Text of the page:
The end of the 2018/19 tax year is now just days away, and you should be thinking about using up your ISA (Individual Savings Account) allowance if you haven’t already. It’s also the perfect time to plan how you’ll make the most of your tax-efficient savings for the year ahead.
ISAs were first introduced two decades ago and over the years they’ve become an essential tax wrapper for financial planning. The current allowance is £20,000 per person each year, which can be deposited in a single ISA or spread over several different accounts.
The main benefit of using an ISA is that they provide a tax-efficient way to save or invest. Any capital growth, interest or dividends from an ISA are free from Capital Gains Tax (CGT).
Choosing where to place your savings
When you’re deciding where to place the remainder of your allowance, the first question to answer is; cash or investment?
Cash: A Cash ISA will pay interest on your deposit. Assuming you stay within the limits of the Financial Services Compensation Scheme (FSCS), the money is protected. However, low-interest rates may mean growth fails to keep up with inflation, effectively devaluing it. As a result, a Cash ISA is often advisable for savings that need to be easily accessible or you’ll want to use in the next few years.
Investment: Investing through an ISA is tax efficient and can be a way to grow your savings through returns. However, all investments do carry a level of risk and your money isn’t protected. A Stocks and Shares ISA may be a good option for you if you already have a financial buffer in place and you don’t need to access the money in the near future. Ideally, you should invest with a minimum time frame of five years. This gives you a greater chance to ride out volatility in the market.
You don’t have to choose between a Cash ISA and Stocks and Shares ISA, your annual allowance can be spread across as many different accounts as you like. If you’re unsure which option is right for you, please contact us.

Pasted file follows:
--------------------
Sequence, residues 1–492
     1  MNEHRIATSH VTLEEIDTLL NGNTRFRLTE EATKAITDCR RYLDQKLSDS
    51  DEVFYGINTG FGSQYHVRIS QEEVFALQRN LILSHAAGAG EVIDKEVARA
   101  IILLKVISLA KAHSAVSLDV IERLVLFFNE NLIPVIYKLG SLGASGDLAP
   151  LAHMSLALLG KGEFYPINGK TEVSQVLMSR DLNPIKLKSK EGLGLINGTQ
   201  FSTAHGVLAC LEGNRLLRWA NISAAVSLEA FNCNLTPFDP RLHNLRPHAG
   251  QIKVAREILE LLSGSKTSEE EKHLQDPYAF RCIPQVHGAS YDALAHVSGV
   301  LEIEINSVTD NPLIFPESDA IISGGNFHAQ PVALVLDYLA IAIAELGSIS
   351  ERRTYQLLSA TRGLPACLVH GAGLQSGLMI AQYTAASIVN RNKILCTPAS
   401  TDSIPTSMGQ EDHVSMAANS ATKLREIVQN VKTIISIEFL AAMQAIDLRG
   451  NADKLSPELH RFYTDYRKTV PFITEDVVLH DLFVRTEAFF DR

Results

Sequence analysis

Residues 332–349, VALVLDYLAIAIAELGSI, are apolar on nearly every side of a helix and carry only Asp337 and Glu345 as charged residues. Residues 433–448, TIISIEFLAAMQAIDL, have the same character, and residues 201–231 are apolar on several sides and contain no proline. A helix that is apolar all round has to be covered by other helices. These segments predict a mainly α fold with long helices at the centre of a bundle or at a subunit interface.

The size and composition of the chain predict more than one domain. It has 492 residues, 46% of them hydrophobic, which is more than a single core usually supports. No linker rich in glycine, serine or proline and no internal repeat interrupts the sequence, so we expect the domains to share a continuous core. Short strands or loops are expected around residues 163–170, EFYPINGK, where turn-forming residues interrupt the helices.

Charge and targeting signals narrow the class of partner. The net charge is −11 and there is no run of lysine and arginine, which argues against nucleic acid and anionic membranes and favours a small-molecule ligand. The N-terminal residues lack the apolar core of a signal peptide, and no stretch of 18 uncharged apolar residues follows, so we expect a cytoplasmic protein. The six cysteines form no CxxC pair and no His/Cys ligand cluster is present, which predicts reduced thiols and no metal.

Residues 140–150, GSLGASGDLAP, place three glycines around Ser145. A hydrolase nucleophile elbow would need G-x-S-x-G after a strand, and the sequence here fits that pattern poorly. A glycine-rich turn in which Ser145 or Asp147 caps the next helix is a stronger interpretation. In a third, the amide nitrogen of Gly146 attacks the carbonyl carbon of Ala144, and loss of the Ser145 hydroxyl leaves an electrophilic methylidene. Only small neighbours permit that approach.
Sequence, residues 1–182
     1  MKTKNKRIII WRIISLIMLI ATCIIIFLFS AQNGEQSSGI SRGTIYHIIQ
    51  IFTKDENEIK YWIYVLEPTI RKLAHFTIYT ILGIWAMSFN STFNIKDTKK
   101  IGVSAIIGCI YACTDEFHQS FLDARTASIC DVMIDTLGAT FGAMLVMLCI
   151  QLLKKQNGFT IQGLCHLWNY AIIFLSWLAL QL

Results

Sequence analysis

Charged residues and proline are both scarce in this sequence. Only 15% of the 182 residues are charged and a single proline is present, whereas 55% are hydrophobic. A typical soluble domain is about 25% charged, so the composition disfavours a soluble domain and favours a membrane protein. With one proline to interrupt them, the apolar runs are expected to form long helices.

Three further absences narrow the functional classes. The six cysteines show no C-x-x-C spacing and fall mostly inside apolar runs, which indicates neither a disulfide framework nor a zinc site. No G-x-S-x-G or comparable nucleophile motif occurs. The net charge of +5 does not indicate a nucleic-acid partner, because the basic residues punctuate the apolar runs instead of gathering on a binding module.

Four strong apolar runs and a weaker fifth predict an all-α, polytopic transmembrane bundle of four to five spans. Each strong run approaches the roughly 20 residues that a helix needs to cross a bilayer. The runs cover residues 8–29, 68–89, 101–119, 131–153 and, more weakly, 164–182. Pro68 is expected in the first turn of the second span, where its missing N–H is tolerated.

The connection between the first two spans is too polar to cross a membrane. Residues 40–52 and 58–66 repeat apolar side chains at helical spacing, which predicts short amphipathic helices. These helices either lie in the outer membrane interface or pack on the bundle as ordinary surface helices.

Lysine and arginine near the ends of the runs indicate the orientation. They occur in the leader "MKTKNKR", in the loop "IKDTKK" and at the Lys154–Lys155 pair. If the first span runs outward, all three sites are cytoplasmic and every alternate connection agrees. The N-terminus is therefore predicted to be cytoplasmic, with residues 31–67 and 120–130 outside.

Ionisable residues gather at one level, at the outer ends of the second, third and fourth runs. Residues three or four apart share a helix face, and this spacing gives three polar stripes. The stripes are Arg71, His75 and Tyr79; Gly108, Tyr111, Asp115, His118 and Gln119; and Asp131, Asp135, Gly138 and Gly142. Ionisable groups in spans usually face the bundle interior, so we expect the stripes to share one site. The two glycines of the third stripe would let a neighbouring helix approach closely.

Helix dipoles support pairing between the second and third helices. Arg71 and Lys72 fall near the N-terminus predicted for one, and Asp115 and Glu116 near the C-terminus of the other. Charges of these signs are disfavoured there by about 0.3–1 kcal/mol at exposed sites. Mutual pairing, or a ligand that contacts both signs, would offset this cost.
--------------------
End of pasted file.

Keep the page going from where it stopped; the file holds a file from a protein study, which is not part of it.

In addition to Cash ISAs and Stocks and Shares ISA, there are other options that may help boost your savings. A Help to Buy ISA, for example, can boost savings if you’re looking to purchase your first home. A Lifetime ISA (LISA) can also provide a government bonus when saving for a first home or retirement.
Planning for the year ahead
While you’re planning to use what’s left of your 2018/19 allowance, it’s a good time to look at the year ahead.
Setting out how you want to use your allowance for the upcoming year can help ensure your decision aligns with your wider financial goals for the next 12 months and beyond. Spreading out deposits rather than using it up in the weeks before the end of a tax year can also be useful.
If you’d like to use all or a portion of your ISA allowance for investments, for example, ‘drip feeding’ deposits in over the course of the next 12 months, rather than adding the full amount in a single transaction, may be beneficial. This means the points you’re buying at will be spread out, giving you an improved chance of purchasing at low points.
Saving tax efficiently for children
In addition to adult ISAs, there are Junior ISAs (JISA) available. These accounts can be opened for those under 18 and deliver the same tax-efficient benefits as their adult counterparts. However, the JISA annual allowance is lower, each year up to £4,260 can be deposited.
When saving into a JISA, the account is in the child’s name and money cannot be withdrawn from it. Once the child reaches 16, they’re able to take control of the account, for example, selecting where their money is invested or swapping to a different ISA provider. However, they cannot take money out of the account until they turn 18, at which point it will convert into a standard ISA.
As with adult ISAs, you can choose for a JISA to be saved in a cash account or invested. Generally, the interest rates for a Cash JISA are more competitive than standard ISAs, making it an effective way to save for a child’s future. When choosing to save or invest money, how long the money will remain in the account is a key question to consider.
To discuss how you could make use of your remaining ISA allowance for the current tax year and putting a plan in place for the medium and long term, please get in touch.